'Indian scientists need to research on solutions to issues affecting them'

20 June 2015 | Interviews | By BioSpectrum Bureau

'Indian scientists need to research on solutions to issues affecting them'

Dr Srivari Chandrasekhar, director, CSIR-IICT

Dr Srivari Chandrasekhar, director, CSIR-IICT

Post his intermediate studies after matriculation, his age factor didn't allow him to pursue his passion in medicine, as 17 years of age was the admission requirement.

He then deliberately chose science to be his career path. Fortunate enough to have inspiring friends and excellent teachers around, a fiery spark was lit within his spirit to pursue research in fundamental sciences.

"Those years changed my outlook towards studies and I got deeply involved in chemistry and pursued it, rather, still doing so, with great passion," says the 51-year-old chief scientist and head of natural products chemistry division at the CSIR Indian Institute of Chemical Technology (IICT), in Hyderabad.

He joined IICT way back in 1986 as a junior research fellow, and became the chief scientist at the institute in 2010. He was also the winner of the prestigious Infosys Prize in 2014 in Physical Sciences.

Dr Chandrasekhar recently tasted another phenomenal milestone. This time, being appointed as the director of the same institute, IICT.


His award-winning research is focused on three major areas including synthesis of natural products of biological importance, developing greener technologies for the industry, and also developing patent non-infringing routes for drug molecules.

He and his group currently works on the synthesis of complex and scarce natural products of marine origin, which has the potential to become blockbuster drugs in the future.

"We are also working on to make the present drug molecules processes more greener by reducing pollution, caused by the use of metal catalysts and organic solvents. I have developed polyethyleneglycol (PEG) as a benign solvent which can be recycled, and reduces the use of metals -- which are used as catalysts, by recycling them," he adds.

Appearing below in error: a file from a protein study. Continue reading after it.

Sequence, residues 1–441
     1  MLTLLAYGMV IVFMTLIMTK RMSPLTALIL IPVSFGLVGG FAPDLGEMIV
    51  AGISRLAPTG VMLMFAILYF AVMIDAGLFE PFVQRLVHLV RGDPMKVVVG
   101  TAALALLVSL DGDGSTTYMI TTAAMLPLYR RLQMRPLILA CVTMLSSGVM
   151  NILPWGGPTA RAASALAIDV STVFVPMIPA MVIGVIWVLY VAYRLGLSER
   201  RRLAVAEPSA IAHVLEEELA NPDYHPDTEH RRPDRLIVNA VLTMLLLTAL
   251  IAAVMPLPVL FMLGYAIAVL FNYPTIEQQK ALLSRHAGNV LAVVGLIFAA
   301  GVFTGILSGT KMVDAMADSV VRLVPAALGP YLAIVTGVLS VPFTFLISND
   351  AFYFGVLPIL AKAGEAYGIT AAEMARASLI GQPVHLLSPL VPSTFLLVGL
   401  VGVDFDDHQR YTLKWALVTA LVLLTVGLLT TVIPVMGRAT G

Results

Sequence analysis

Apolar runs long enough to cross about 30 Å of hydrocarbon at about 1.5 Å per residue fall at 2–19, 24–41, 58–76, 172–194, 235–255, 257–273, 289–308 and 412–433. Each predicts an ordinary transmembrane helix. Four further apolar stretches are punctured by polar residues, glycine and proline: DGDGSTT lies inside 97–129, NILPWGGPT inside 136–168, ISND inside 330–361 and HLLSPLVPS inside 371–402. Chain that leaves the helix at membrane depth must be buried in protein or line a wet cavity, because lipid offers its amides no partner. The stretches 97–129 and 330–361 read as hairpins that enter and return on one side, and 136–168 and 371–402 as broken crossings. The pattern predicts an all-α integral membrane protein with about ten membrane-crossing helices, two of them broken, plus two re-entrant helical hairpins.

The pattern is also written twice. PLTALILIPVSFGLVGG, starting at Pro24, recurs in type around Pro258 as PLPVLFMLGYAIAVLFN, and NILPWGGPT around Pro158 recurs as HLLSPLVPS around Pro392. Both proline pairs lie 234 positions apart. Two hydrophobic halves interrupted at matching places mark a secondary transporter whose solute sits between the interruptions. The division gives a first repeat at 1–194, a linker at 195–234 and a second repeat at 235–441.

The synthetic processes developed by him and his group are based on reducing the number of steps and reagents, and the time taken for the reaction.

"Thus, the impact is in saving expenditure and protecting the environment. This makes affordable health for all a reality," Dr Chandrasekhar points.

As of now, some of the pharma industry representatives have approached him for the processes developed for the synthesis of drug molecules using greener technologies and patent non-infringing routes.

"Negotiations are on for the technology transfer," he comments.

Speaking about scientific research in India, he expresses that facilities in India are on par with facilities anywhere else in the world.

"What we need is people with an open mind to explore new areas of science. Our schools and colleges should nurture the inquisitive nature of students, and encourage them to take up science, based on their aptitudes," he suggests.

Dr Chandrasekhar defends that science can never be boring. "It is the way it is presented to students that makes it boring. Science is everywhere and is reflected in everything we do. Once students understand this, they will be fascinated by scientific research that is going on and will be inclined to take up a career in science," opines Dr Chandrasekhar, who loves to read chemistry journals and visiting forests with his son who is a wildlife photographer.

According to him, there are no sure shot formulas to become a successful scientist.

"Each one has his or her own way of carrying out research. The subtle difference between a successful and an unsuccessful scientist is recognizing opportunities at the right time. A successful scientist takes every opportunity to find a new area of research, and thereby reinvents each and every time," he voices.

Dr Chandrasekhar feels that plenty of funds are available for scientific research in India.

"I have a difference of opinion here. It is not that funds are not available, but it is the lack of clarity in planning research, which is a bigger challenge. There are several government agencies which fund properly planned research projects," he stresses.

To his credit, he has over 240 publications and 5000 citations in multiple national and international journals.

He received his bachelor's, master's and PhD degrees from Osmania University in Hyderabad.

He then pursued his post-doctoral research at the UT Southwestern Medical Center, Dallas, USA, with Prof J R Falck.

"There is a big difference in research activities done in India and the Western countries," the scientist remarks.

"The academicians in the West choose a problem and define it along with the solutions, and work towards achieving them. In India, many researchers choose problems because bigger groups in the West are working in those areas. Indians need to identify a problem which affects them and try to find a solution to it," he ends.


× Your session has been expired. Please click here to Sign-in or Sign-up
   New User? Create Account